Aliens normally resident in New Zealand may become New Zealand citizens by naturalisation. An applicant must satisfy the Minister of Internal Affairs that, after attaining the age of 20 years, he has given notice of his intention to apply for naturalisation at least 12 months but not more than five years before the date of application; that he has resided in the country during the 12 months prior to the date of application; that during the seven years immediately preceding the 12 months he has resided in New Zealand for periods which amount to at least four years; that he is of good character; has sufficient knowledge of the English language and of the responsibilities and privileges of New Zealand citizenship; and, if naturalised, intends to live in New Zealand. Crown service under the New Zealand Government outside New Zealand can count instead of actual residence in New Zealand, while the Minister can allow certain other qualifications, such as service in the forces, to make up the required periods.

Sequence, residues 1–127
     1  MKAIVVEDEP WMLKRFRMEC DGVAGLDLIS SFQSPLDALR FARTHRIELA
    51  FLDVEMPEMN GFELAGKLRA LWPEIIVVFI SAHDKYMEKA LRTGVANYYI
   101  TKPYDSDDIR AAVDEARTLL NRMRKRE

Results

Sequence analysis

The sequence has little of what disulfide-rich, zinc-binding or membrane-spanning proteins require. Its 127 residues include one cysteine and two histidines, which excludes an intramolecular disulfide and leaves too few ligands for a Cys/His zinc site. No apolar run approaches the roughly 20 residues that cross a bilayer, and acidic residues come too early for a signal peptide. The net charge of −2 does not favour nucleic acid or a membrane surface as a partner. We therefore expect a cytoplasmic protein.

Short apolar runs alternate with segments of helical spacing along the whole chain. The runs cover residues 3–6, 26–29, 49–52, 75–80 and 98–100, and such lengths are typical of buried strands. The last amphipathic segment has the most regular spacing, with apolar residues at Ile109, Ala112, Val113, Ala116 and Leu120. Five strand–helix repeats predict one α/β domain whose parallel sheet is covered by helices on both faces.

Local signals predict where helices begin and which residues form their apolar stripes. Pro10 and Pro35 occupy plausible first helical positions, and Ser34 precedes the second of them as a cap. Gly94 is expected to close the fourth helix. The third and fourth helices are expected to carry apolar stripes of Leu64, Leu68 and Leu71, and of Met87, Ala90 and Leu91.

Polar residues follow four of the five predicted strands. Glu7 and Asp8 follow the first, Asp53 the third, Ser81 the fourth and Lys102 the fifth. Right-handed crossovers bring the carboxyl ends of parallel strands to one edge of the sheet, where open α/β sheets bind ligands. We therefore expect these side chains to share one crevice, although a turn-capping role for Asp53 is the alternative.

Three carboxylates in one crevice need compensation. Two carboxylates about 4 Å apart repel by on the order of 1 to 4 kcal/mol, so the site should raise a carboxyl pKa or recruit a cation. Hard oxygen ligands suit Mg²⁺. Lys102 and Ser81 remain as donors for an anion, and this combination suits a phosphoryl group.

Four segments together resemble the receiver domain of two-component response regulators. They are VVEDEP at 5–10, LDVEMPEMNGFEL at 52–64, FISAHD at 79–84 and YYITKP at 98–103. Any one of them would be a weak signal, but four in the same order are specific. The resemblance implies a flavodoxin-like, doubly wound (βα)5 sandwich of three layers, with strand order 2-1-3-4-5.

Before a certificate of naturalisation is effective the oath of allegiance must be taken. In 1954 the Government decided that this should be done in an atmosphere of dignity and solemnity. Local authorities were asked to arrange proper ceremonies where the oath was taken and the certificate of naturalisation presented. During the year 1964–65, 84 citizenship ceremonies took place at which 1,375 certificates were presented.
A New Zealand citizen of full age may lose his citizenship under certain conditions. If he becomes a citizen of another Commonwealth country or a foreign national, he may renounce his New Zealand citizenship before a magistrate or a designated representative overseas. The Minister may refuse to register such renunciation if the person continues to be ordinarily resident in New Zealand or if the assuming of foreign nationality takes place during a war in which New Zealand is engaged.
The Minister may deprive a person of full age of his New Zealand citizenship if foreign nationality is acquired voluntarily, other than by marriage, and it is not conducive to the public good that the citizenship should be continued. Where citizenship is obtained by fraud, the Minister may revoke it. In this case, however, the matter is subject to appeal to a committee of inquiry.
In the original Act provision was made for aliens residing in Western Samoa to be naturalised and under it Samoans were New Zealand protected persons. With the independence of Samoa in 1962 these arrangements have been repealed, but Samoans are not treated as aliens in New Zealand. Samoa has not yet decided her relationship with the Commonwealth and, until this is done, the matter cannot finally be determined.